Schigolch, thank you for your extended and detailed recommendations and suggestions. You're right, a long if pleasurable task, that is why I'm initially focusing on a few introductory ones, also as you suggested. I ordered the 1972 Guillaume Tell last week and it should arrive in a couple of days. I will follow your list as I range wider and delve deeper into the impressive body of Rossini's oeuvre. To think this guy quit composing operas at 37!

    Couac and Aramis, thank you very much for your dueling aesthetic appreciation preferences. I was under the impression that Tell was considered a masterpiece, but apparently this too is disputed. I'll keep it in mind when the cd set arrives this week.

    As I wrote in my original post, I am not completely sensorily deprived when it comes to Rossini, as over the years I have listened to some selections from operas other than IBdS, including some with Callas from L'Italiana in Algeri and Semiramide. But no complete operas yet, aside from Barbiere. And of course, I'm well-versed on the immortal Rabbit of Seville.
    Last edited by Revenant; Jan-07-2014 at 17:06.
    "No preluding! Piano pianissimo -- then all will be well." (Posted in the orchestra pit on August 13, 1876)

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    Personal tastes set aside (myself, I don't like Tell that much, either), of course Guillaume Tell is a major opera, and it should be one of the main goals for any Rossinian exposure project, in my view. Three years ago, the great Rossinian expert Alberto Zedda conducted (in a concert performance) in Spain the version of the premiere in Paris (with a few cuts, but the cuts done by Rossini himself, like Jemmy's aria "Ah, que ton âme se rassure"), and it was really a wonderful experience, and with a superb Arnold sung by Gregory Kunde.

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    Senior Member Couac Addict's Avatar
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    Quote Originally Posted by Aramis View Post
    Revenant, get some great Cenerentola first (Berganza/Alva/Abbado, for example)

    I have it because it's worth having for Berganza and Alva. The former showing technical brilliance but you still need the right person on the tiller and Abbado isn't that person in my opinion. He barnstorms through the entire score.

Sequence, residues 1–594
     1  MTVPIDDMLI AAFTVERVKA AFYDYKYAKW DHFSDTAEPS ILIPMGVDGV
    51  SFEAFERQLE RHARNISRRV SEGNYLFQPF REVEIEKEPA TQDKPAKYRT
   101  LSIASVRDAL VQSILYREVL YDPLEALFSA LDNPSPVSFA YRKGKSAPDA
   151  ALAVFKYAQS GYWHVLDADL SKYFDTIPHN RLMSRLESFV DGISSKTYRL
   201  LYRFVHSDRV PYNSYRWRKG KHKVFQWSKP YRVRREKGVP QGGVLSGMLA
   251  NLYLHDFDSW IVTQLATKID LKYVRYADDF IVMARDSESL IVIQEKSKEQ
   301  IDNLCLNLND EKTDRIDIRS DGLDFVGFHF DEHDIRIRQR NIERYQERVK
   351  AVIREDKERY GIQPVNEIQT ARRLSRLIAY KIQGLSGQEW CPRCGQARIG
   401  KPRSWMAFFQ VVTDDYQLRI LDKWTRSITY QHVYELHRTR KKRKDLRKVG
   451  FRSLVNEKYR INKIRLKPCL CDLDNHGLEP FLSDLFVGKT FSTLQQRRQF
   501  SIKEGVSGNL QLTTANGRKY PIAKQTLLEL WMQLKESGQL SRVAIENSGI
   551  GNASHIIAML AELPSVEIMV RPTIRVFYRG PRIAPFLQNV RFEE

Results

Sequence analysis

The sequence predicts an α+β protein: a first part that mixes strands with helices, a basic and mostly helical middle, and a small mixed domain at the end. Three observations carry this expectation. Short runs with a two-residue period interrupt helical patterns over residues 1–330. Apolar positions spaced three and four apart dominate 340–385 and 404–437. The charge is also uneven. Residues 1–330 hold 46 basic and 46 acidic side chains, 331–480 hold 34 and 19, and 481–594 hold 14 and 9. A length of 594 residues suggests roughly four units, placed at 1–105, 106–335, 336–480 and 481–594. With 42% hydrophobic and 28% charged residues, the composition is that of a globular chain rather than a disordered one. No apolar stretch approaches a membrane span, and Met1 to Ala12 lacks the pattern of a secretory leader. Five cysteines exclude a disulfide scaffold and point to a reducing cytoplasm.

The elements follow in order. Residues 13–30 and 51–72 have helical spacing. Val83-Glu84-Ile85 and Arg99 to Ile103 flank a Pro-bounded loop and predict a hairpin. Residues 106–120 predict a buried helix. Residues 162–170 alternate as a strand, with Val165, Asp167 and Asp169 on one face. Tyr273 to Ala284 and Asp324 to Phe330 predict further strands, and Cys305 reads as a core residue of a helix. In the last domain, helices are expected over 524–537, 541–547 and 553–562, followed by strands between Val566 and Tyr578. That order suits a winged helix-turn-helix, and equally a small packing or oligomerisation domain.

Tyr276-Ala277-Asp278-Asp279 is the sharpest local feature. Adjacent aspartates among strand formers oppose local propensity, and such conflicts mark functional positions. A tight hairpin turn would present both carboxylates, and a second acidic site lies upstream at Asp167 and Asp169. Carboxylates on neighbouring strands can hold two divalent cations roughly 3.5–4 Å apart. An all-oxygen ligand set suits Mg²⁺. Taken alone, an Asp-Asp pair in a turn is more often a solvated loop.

Conductor/orchestra is always my first priority.

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    Quote Originally Posted by Couac Addict View Post
    Conductor/orchestra is always my first priority.
    Strange, then, that you've recommended La Donna del Lago incompetently conducted by a piano virtuoso who wanted to try doing opera.

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    Senior Member Itullian's Avatar
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    Tell IS a masterpiece.
    When all else fails, listen to Thick as a Brick.

    "Life's a long song, but the tune ends too soon for us all." Ian Anderson lyric

    "There are more things in heaven and earth, Horatio, than are dreamt of in your philosophy." Hamlet

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    Senior Member Revenant's Avatar
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    Quote Originally Posted by Itullian View Post
    Tell IS a masterpiece.
    Tell it like it is, Itullian.
    "No preluding! Piano pianissimo -- then all will be well." (Posted in the orchestra pit on August 13, 1876)

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    Senior Member Revenant's Avatar
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    If it be heresy, so be it. Although singing a bit out of the fach for the role, I much prefer this version of Largo al factotum to Bug Bunny's. This was the early Woody, before the cartoon quality and comedy declined. The early Woody was a psychopath's psychopath and practically a Jungian archetype, although I may be reading too much into it.

    "No preluding! Piano pianissimo -- then all will be well." (Posted in the orchestra pit on August 13, 1876)